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President of the Republic of Estonia

14. March 2023

On 6 October 1992 President Lennart Meri, the first head of state after the restoration of Estonia’s independence, took office. 

On 20 August 1992 Lennart Meri, Arnold Rüütel, Lagle Parek and Rein Taagepera were registered as candidates for President of the Republic by the National Electoral Committee.  

However, none of the presidential candidates received the required number of votes in the 20 September referendum and therefore none were elected. The votes were divided as follows: Arnold Rüütel 195,743 (41.8%), Lennart Meri 138,317 (29.5%), Rein Taagepera 109,631 (23.4%) and Lagle Parek 19,837 (4.2%) votes.   

Arnold Rüütel and Lennart Meri stood as candidates in the Riigikogu elections on 5 October. With 59 votes in his favour, Lennart Meri was elected President of the Republic. 

Eerik-Juhan Truuväli, Chairman of the Estonian National Electoral Committee:
‘Mr President of the Riigikogu, honourable members of the Riigikogu, ladies and gentlemen. Election of the President of the Republic in the Riigikogu on 5 October 1992. Minutes on the results of the election of the President of the Republic of Estonia in the Riigikogu. In counting the votes, the Electoral Committee determined the following results: the number of members of the Riigikogu entered on the electoral roll is 101, the number of members of the Riigikogu who received a ballot paper is 101, the number of members of the Riigikogu who took part in the voting is 101. The number of ballot papers declared invalid is 11, the number of votes cast for the presidential candidates is 90. The number of votes cast in favour of presidential candidate Arnold Rüütel is 31. The number of votes cast in favour of presidential candidate Lennart Meri is 59.’

7th Riigikogu, I session, 5 Oct 1992

Lennart Meri (1992–2001)

President Lennart Meri at a ceremonial concert at the Estonia Theatre on the 76th anniversary of the
Republic of Estonia. Photo: T. Volmer
National Archives
President Lennart Meri in Kadriorg Palace, celebrating the final departure
of Soviet army units
from Estonia, August 1994. Photo: T. Volmer
National Archives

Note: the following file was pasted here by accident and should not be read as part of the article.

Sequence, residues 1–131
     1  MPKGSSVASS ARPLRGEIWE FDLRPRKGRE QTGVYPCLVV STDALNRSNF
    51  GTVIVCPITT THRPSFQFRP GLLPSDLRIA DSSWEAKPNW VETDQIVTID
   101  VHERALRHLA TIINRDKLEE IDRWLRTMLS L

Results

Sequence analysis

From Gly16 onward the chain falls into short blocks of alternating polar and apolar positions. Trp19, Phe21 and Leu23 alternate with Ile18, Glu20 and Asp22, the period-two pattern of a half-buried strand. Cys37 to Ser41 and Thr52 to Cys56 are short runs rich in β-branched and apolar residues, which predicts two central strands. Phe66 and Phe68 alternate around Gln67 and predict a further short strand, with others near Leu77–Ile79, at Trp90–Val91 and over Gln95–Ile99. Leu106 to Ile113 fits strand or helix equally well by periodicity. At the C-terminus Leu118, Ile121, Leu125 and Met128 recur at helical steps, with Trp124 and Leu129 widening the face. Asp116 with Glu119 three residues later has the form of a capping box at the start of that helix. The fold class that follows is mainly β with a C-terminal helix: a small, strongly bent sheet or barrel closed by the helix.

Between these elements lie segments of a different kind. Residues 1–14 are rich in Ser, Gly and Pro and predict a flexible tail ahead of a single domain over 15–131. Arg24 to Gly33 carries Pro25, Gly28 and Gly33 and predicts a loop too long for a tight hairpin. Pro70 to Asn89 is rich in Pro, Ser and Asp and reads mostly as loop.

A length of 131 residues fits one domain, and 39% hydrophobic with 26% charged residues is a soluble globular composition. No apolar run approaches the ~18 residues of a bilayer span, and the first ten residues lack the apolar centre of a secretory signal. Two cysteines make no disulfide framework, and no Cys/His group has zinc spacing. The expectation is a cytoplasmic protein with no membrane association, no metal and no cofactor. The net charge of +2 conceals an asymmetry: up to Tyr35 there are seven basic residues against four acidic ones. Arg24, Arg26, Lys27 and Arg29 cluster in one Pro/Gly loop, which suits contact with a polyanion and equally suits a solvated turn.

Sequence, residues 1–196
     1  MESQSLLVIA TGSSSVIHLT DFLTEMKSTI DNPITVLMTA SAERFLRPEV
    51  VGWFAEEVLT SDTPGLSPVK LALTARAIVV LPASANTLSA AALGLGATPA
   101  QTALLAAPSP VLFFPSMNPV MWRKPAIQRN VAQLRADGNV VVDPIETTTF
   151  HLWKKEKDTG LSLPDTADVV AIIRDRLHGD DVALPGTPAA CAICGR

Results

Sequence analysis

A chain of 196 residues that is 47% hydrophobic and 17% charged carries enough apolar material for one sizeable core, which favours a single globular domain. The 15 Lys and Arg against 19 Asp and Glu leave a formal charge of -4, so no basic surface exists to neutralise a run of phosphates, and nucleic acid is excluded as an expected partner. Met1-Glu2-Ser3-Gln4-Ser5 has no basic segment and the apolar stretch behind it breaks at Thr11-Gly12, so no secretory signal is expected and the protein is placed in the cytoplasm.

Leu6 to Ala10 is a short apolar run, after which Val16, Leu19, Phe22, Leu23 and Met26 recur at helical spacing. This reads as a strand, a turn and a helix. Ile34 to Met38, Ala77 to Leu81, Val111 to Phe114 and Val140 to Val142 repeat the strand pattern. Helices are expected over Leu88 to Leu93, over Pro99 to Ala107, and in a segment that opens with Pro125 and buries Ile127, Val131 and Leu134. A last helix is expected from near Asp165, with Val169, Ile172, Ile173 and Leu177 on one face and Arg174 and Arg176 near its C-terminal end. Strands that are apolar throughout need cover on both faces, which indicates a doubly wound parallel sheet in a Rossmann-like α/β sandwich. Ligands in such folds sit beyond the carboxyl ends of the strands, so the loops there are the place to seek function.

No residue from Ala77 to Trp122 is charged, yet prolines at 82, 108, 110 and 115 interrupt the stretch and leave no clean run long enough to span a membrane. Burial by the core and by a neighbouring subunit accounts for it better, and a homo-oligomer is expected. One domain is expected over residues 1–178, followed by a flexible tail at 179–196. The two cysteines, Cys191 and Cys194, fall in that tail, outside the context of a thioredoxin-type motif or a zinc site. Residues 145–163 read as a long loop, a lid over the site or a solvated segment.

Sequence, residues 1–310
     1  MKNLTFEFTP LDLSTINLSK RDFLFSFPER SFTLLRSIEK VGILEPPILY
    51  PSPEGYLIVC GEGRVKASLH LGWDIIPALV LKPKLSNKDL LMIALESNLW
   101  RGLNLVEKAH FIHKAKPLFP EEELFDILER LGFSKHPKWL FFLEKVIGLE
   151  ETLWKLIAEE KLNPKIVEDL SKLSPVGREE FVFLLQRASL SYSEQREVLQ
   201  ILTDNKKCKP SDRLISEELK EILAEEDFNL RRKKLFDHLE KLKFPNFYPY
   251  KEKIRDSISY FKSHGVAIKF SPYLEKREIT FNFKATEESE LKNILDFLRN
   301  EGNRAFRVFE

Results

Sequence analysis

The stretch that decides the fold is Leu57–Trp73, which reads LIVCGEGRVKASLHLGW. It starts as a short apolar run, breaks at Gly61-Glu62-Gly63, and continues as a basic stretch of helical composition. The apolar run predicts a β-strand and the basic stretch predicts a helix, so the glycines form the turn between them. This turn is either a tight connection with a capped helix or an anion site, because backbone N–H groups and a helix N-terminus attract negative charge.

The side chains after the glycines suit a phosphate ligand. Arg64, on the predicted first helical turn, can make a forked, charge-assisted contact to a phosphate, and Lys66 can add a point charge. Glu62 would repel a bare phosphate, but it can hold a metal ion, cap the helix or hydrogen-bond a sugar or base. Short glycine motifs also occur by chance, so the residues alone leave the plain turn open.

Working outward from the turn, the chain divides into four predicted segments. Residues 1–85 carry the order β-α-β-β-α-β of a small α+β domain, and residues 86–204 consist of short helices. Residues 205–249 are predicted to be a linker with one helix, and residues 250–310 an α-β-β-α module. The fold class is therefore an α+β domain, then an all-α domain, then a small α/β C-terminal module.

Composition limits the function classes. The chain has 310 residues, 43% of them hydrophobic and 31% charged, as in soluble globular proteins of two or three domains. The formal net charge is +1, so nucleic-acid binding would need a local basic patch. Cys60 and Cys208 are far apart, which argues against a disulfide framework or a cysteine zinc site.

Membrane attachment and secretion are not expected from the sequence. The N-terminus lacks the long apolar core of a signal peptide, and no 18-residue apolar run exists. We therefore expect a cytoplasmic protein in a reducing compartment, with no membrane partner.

Arnold Rüütel (2001–2006)

The inauguration ceremony of the President of the Republic, 8 October.
Photo archive of the Riigikogu.
President Arnold Rüütel.
Office of the President.

Toomas Hendrik Ilves (2006–2016)

President Toomas Hendrik Ilves taking the oath of office, 9 October.
Photo archive of the Riigikogu.
The President of the Republic on Independence Day at the Estonia Theatre on 24 February 2011.
Office of the President.

Kersti Kaljulaid (2016–2021)

President of the Republic Kersti Kaljulaid.
President of the Republic Kersti Kaljulaid assuming office, 10 October. Photo: E. Peinar
Photo archive of the Riigikogu.

Alar Karis (2021–)  

The inauguration ceremony of the President of the Republic, 11 October.
Office of the President.
A virtual summit.
Office of the President.

However, the list of Estonian heads of state is longer than the names mentioned the above. The Provisional Government of Estonia, which took office on 24 February 1918, was led by Prime Minister Konstantin Päts. Between 1919 and 1920 the head of state was the prime minister of the Republic of Estonia, a position filled by Otto Strandman, Jaan Tõnisson, Ado Birk and Ants Piip. Between 1921 and 1934 the head of state was known as the elder of state. This title was held by Ants Piip, Konstantin Päts (repeatedly), Juhan Kukk, Friedrich Akel, Jüri Jaakson, Jaan Teemant (repeatedly), Jaan Tõnisson (repeatedly), August Rei, Otto Strandman and Kaarel Eenpalu (known as Karl August Einbund until 1935). From January 1934 until September 1937, Konstantin Päts was prime minister in the role of the head of state, and protector of state until April 1938. On 28 July 1937 the National Assembly adopted a new constitution, which established a presidential institution that held significant powers. Konstantin Päts became the first president, holding the position until the Soviet occupation of Estonia in June 1940.